Low intake of B-vitamins is associated with poor adolescent mental health and behaviour

Carly Herbison, Siobhan Hickling, Karina Allen, Therese O'Sullivan, Monique Robinson, Alexandra Bremner, Rae-Chi Huang, Lawrence Beilin, Trevor Mori, Wendy Oddy

Research output: Contribution to journalArticlepeer-review

38 Citations (Scopus)


Objective: The current prevalence of mental health problems in Western populations is approximately 20% and half of all adult mental health disorders are estimated to originate in adolescence. Diet plays an important role in modulating psychological wellbeing and B-vitamins are vital for the synthesis of neurotransmitters such as serotonin. We aimed to examine the relationship between B-group vitamins and adolescent mental health and behaviour.Methods: This is a cross-sectional analysis of the West Australian Pregnancy Cohort (Raine) Study. The 17-year follow-up included collection of a food frequency questionnaire allowing B-vitamin intake calculation. Mental health was assessed using the Youth Self Report (YSR) which measures total, internalising (withdrawn/depressed) and externalising (aggressive/delinquent) behaviour scores. Multiple linear regression was used to analyse associations between B-vitamins and mental health with adjustment for relevant confounders (n = 709).Results: Lower intake of vitamins B1, B2, B3, B5, B6, and folate was associated with higher externalising behaviour scores (p ≤ 0.05). Reduced intake of vitamin B6 and folate was associated with higher internalising behaviour scores (p ≤ 0.05).ConclusionsPoor nutrition may contribute to the pathogenesis of mental health problems in adolescence. The role of B-vitamins requires further investigation in randomised controlled trials.Copyright © 2012 Elsevier Inc. All rights reserved.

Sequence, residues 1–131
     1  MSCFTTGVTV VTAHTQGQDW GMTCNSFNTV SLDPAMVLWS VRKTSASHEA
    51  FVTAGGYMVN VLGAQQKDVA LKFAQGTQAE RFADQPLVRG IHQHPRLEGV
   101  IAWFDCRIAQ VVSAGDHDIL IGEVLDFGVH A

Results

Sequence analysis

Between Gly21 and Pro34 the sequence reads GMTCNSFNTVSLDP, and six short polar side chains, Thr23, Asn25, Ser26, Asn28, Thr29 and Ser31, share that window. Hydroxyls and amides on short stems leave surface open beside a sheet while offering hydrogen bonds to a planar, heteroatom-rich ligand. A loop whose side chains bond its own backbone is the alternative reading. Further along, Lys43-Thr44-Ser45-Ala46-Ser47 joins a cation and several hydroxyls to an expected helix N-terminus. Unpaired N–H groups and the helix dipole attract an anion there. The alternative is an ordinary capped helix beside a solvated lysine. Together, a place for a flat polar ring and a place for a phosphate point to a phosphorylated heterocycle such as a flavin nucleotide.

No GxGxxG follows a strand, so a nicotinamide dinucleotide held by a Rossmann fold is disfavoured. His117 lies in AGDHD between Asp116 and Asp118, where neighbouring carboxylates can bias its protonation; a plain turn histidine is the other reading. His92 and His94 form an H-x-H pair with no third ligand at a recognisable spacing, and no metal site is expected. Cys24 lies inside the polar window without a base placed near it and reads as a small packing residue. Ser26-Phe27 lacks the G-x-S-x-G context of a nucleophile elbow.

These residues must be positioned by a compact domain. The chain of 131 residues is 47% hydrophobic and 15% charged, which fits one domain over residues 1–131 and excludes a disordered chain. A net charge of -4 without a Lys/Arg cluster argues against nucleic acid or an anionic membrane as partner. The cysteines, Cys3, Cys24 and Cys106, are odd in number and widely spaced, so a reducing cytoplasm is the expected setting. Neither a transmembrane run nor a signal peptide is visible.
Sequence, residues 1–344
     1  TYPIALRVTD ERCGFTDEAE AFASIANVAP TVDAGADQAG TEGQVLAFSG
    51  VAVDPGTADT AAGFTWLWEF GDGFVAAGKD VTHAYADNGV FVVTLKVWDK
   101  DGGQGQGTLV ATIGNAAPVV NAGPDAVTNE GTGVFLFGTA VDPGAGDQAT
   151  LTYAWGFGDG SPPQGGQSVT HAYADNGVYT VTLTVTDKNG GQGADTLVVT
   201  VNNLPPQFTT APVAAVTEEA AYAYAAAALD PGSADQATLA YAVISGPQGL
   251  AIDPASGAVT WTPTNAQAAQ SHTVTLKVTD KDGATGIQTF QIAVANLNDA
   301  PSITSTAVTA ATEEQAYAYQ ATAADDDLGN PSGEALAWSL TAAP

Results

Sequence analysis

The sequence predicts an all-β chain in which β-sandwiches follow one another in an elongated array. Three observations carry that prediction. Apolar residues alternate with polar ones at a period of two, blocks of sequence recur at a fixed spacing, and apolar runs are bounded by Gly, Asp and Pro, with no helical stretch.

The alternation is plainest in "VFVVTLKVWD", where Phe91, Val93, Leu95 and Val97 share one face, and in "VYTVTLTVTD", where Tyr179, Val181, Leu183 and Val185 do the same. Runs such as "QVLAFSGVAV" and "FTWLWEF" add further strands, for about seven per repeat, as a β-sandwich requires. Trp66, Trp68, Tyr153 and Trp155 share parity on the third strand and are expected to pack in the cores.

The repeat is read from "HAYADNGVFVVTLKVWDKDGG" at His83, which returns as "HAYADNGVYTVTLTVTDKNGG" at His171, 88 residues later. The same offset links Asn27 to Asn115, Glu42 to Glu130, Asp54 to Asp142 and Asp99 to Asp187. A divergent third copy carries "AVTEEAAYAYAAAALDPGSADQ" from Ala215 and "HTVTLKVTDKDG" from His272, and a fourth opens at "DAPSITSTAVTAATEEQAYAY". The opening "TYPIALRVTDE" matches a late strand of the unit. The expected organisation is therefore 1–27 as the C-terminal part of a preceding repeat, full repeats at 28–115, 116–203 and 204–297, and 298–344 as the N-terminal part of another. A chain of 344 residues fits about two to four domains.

Original languageEnglish
Pages (from-to)634-638
JournalPreventive Medicine
Issue number6
Early online date23 Sep 2012
Publication statusPublished - 1 Dec 2012


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